Evicted: Poverty and Profit in the American City by Matthew Desmond follows eight different families who struggled to pay rent in poor areas of Milwaukee, Wisconsin. Around the time of the 2008 financial crisis, the author lived in the same units as the other tenants and rented from the same two landlords, whom he also profiles in vivid detail. Amongst many other major awards, this book won a 2017 Pulitzer Prize.
The eviction cycle. Imagine that you are either in a low-paying job or receive government benefits, but that income isn’t enough to pay for rent, utilities, and food. So in any given month, one of those bills doesn’t get paid. That means eventually you get behind on rent, and eventually you get evicted.
After you are evicted once, your housing options instantly shrink. (Not many landlords want to rent to someone who just got evicted.) Just as payday loans specifically target folks with no other borrowing options, there is a subset of housing units that target folks with evictions. You may be surprised that the units in the poorest neighborhoods can cost just as much as a nicer unit in a better neighborhood (that does background checks). As with payday loans, you could argue lenders need to charge higher interest rates to cover more frequent defaults. You could similarly argue that landlords in low-income areas need to charge higher rents to cover unpaid rent and higher turnover costs.
After some time in shelters or crashing with relatives, you scrape together enough to make first month’s rent and a deposit. But every month, rent again takes up 70% of your income (ex. $500 rent and $700 to $800 income), so eventually you fall behind again. The sink gets clogged. Now, the landlord doesn’t want to pay a plumber $100 an hour when you are already owe them two months of back rent. But if your landlord doesnt’t fix the sink, you’re not going to treat the apartment nicely either. You’re also not going to pay any more rent. Two wrongs don’t make a right, but they do save both sides money (in the short-term). Your next eviction is only a matter of time, and cycle repeats.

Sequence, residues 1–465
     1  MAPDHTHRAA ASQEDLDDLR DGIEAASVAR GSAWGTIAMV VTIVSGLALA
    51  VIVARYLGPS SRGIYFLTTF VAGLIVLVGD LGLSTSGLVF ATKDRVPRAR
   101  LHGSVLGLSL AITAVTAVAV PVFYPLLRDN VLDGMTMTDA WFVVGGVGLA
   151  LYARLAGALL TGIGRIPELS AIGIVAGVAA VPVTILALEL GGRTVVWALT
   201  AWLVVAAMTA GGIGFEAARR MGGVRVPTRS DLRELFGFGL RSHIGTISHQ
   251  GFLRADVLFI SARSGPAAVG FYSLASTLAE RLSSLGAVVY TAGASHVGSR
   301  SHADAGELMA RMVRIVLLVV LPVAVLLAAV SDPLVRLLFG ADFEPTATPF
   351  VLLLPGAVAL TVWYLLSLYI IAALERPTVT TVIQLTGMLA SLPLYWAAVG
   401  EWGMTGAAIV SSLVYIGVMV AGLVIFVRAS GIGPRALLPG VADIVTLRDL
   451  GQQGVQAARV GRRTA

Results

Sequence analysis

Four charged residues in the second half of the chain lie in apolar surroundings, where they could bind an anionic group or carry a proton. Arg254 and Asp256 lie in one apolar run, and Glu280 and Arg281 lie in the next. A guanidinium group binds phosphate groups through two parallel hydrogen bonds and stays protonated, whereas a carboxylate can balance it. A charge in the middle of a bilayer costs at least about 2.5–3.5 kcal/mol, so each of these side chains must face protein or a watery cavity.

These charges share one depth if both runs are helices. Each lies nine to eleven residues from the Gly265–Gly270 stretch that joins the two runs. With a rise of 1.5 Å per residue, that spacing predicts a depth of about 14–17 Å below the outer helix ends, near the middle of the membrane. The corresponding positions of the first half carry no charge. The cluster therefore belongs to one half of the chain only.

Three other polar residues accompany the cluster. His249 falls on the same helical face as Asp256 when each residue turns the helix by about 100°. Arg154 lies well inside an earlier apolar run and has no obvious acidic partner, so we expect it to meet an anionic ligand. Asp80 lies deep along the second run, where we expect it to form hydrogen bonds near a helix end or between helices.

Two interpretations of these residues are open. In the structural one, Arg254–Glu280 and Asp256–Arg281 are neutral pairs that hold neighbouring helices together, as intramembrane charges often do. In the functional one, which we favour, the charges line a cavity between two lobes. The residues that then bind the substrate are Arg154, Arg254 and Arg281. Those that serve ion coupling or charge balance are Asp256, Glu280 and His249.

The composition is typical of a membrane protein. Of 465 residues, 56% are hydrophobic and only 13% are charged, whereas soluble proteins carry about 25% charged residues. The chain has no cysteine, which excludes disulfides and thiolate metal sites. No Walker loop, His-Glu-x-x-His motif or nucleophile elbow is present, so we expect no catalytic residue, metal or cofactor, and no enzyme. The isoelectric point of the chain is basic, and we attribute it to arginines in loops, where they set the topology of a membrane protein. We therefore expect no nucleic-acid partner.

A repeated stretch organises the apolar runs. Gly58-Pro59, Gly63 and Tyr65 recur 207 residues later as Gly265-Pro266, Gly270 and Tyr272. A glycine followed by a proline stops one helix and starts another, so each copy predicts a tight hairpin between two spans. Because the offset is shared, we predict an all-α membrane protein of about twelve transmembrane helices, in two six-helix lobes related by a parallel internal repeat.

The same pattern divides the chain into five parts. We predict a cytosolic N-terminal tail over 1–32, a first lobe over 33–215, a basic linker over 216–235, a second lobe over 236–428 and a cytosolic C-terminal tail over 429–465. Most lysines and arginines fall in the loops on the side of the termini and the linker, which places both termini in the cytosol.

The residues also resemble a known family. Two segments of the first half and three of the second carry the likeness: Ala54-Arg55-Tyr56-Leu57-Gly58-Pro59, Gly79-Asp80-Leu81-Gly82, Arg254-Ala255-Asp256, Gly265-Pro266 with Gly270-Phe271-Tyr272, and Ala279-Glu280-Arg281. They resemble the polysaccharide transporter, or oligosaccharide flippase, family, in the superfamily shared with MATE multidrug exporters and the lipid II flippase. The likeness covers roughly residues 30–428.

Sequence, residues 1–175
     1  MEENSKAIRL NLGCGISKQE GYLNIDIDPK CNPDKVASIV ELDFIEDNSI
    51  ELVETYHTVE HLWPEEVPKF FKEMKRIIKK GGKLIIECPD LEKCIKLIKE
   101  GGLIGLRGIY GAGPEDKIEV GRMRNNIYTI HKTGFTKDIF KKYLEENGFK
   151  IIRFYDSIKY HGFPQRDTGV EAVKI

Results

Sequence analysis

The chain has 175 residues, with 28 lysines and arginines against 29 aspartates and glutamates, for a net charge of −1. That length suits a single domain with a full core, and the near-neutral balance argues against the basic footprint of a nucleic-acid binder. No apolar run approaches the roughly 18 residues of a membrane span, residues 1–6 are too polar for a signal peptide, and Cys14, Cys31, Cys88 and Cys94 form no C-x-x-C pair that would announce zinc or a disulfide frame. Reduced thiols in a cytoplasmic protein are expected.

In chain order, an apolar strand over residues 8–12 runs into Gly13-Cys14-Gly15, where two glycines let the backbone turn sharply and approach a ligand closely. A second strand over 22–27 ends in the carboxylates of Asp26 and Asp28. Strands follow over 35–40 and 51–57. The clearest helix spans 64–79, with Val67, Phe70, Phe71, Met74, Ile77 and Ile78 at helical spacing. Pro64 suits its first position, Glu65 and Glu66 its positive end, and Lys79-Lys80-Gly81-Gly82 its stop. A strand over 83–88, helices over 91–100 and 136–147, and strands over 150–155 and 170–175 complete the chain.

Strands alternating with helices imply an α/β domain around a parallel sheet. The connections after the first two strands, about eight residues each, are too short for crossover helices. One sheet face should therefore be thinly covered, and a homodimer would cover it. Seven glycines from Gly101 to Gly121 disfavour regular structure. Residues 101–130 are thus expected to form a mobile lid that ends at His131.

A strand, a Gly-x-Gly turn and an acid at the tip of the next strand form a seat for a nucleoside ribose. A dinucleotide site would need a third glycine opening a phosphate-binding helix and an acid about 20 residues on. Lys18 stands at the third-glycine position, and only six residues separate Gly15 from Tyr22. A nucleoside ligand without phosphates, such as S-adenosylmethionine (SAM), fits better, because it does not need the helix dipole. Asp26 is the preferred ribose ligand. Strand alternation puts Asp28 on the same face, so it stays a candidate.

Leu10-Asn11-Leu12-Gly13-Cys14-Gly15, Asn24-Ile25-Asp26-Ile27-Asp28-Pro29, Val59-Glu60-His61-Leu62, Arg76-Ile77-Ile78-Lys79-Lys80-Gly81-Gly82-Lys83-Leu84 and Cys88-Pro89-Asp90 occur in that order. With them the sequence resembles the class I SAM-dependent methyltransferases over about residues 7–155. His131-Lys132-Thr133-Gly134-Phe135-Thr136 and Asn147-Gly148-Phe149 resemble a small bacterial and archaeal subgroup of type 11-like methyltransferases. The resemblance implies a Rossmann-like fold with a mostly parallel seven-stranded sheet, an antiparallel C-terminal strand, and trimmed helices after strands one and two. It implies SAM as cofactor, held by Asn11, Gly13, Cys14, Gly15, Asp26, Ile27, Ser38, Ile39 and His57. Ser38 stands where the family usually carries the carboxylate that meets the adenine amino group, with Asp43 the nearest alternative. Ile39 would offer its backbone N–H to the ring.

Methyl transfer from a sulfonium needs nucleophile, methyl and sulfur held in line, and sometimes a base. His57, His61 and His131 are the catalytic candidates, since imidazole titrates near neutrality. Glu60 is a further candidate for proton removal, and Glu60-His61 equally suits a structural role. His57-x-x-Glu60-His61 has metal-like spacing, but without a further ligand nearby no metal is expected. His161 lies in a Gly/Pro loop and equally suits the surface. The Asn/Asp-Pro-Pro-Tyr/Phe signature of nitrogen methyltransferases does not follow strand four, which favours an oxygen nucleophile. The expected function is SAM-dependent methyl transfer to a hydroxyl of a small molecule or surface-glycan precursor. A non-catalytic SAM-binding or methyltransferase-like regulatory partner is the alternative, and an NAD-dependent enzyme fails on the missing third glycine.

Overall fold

Stable housing forms the core of a good community. Forced moves can hurt your employment prospects as you miss work while searching for housing. Forced moves lead to increased student absences or having to move schools entirely. Forced moves cause people to lose valuable property like furniture, appliances, clothing, and other household items.
Landlord economics. I didn’t see that much landlord “profit” when my rough calculations showed they were basically two people working full-time in a highly-leveraged business. Yes, landlords Sherrena and her husband “owned” 36 units and brought in $120,000 in gross rent annually, but that is before paying the mortgage, taxes, maintenance, and the time spent as full-time property managers. There was a constant flow of finding new tenants, fixing up damaged units, collecting partial rent payments when possible, and evicting those who fell too far behind. Every missed rent check was $500 less out of their monthly income. An Amazon reviewer stated that he followed up on the properties and found that by 2016 Sherrena no longer owned any of them (many went into foreclosure). I happened to invest $2,000 into an investor loan backed by an 6-plex in Milwaukee and it also went into foreclosure. I’m sure there are landlords doing fine, but I wouldn’t describe it as “easy profits”.